Relatively unknown, even after 13 books, several of which have been acclaimed as masterpieces, Israeli writer Aharon Appelfeld has nonetheless led a remarkable life. Born in a small town in what is now the Ukraine, he watched as his mother, grandmother and scores of other Jews were murdered with pitchforks and kitchen knives by invading Nazis and Romanians. He and his father were put on a forced march that began with 200 people and ended with 30. Eventually, the young Appelfeld—he was barely nine at the time—escaped from the camp and joined the Soviet army as a kitchen boy. After the war, he immigrated to Palestine, where he began to write, often supported by only the anonymous contributions of friends.

In a hauntingly beautiful essay published in the Nov. 23rd New Yorker, Appelfeld writes about returning to the town of his birth after a half a century. At first he is reluctant. Some memories may be better left undisturbed; still, he confesses, “for years, the village lay within me.” So, with an Israeli television crew at his side, Appelfeld makes the journey back. When he arrives, he confronts local residents, asking them about the mass grave where his mother is buried. At first, they feign ignorance. Then, in a flash of guilt and frustration, they relent and point in its direction. “It seemed that, even though no Jews remained (there),” Appelfeld writes, “their spirits wandered about everywhere, and must be appeased.”

But those spirits do not only torment the Christian Ukrainians who have tried to forget the horrible atrocities of the Second Word War; they torment Appelfeld, too. He quotes Hebrew poet Saul Tchernikhovsky: “A person is only the ground of a small land. A person is only the outline of his native landscape.” For Appelfeld, coming home was finding that landscape, filling in that outline and, finally, appeasing the Jew inside of him.

Something of the same dilemma faces the protagonist of Appelfeld’s new novel, The Conversion (translated into English by Jeffrey M. Green and published by Schocken). Karl Hubner, however, is a self-imposed exile. Living in Austria a generation before the Holocaust, he converts to Christianity not because he is persuaded by the arguments of the local priest, Father Merser, but purely for pragmatic reasons. It seems that his promotion to the prestigious post of municipal secretary would be impossible otherwise. The novel opens as Karl finishes the ceremony, only to be greeted with these strange words from a friend of his aunt, who has also converted: “‘We’re criminals,’ she leaned over and whispered. ‘Those who are dearest to us we neglect. In the world to come, they’ll whip us like dogs.’” Indeed, the remainder of this spare and often bitterly ironic novel serves as a troubling fulfillment of the old woman’s prophecy.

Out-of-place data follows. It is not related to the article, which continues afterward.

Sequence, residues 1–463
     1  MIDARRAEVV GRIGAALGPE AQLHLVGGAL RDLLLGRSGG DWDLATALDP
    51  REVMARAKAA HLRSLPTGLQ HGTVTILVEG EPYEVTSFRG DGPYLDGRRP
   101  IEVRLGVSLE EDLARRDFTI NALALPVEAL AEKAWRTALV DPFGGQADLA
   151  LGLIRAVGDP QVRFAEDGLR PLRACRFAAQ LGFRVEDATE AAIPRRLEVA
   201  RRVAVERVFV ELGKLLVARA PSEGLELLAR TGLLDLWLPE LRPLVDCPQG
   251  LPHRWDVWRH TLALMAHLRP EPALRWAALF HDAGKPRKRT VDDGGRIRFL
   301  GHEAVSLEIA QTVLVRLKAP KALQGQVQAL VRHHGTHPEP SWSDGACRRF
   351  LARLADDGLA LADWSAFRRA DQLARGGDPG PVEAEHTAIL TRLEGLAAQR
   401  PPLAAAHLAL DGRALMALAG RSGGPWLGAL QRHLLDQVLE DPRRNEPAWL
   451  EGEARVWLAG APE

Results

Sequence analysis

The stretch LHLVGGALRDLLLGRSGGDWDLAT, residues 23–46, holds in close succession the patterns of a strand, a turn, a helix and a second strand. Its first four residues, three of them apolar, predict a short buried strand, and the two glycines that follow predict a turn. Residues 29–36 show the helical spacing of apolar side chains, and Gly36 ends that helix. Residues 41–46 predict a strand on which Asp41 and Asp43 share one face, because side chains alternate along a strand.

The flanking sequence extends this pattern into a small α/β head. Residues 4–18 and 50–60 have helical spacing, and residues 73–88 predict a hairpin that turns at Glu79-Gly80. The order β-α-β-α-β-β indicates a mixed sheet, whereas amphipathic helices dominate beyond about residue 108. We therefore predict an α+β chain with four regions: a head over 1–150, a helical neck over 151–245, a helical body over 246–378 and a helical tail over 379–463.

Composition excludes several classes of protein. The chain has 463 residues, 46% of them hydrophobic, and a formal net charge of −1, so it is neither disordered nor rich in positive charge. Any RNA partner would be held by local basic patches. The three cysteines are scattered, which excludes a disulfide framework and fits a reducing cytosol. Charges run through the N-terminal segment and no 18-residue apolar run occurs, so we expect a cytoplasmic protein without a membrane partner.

Karl’s promotion is nearly blocked by Hochhut, a successful entrepreneur and yet another convert, who has crusaded against the Jewish merchants in the town center. Once safely in his new post, Karl challenges Hochhut in an especially ferocious and, for him, politically damaging campaign to win compensation for the soon-to-be deposed merchants. Meanwhile, Karl initiates a secret relationship with his former nanny, Gloria, a woman almost two decades his senior. An uncomfortable feeling of incest stains the relationship. It is as if Karl, who continues to occupy the house of his deceased parents, were trying to reclaim something of his lost family and religion. Gloria, though, is a non-Jew who only plays the role of the good Jew, observing the holidays, even fasting when it is called for. Like the Biblical Ruth, she does this out of loyalty to the family that rescued her from poverty.

The Conversion layers irony upon irony. Conversion does not free Karl, as he expects, but steals something vital away from him—something he looks for in Gloria, something he travels to his parents’ native village to find. He languishes in a socio-religious no-man’s land, unobservant in two faiths, accepted by no one but Gloria. At the same time, for most of his countrymen, he will never be anything but a dirty Jew, deserving of nothing. Even as he fights the virulent anti-Semitism that surrounds him, he fails to fully confront his own, reluctant submission. At one point, Karl recalls the villagers who mourned for his mother’s passing: “We are Jews, and there is nothing to be ashamed of. And at the end of the mourning period, they cried out: The Jewish people lives! These were the wretched merchants of the center, whose sons and daughters had been ensnared by Father Merser’s wiles and had left their parents’ homes in disgust.”

The Holocaust hovers over The Conversion, casting its dark shadow on each line of Appelfeld’s rich, unsentimental prose. Karl searches madly for the Jewish spirits who taunt him, looking everywhere, it seems, but inside himself. Appelfeld, meanwhile, asks what it takes to appease those spirits and what is lost when they are abandoned. It is undeniably an unsettling novel, but The Conversion proves Appelfeld a master not just of the Jewish heart, but the human heart, as well, with all its terrible hungers and contradictions.

The Conversion by Aharon Appelfeld (Schocken, 240 pages)
Icon (Iowa City), December 1998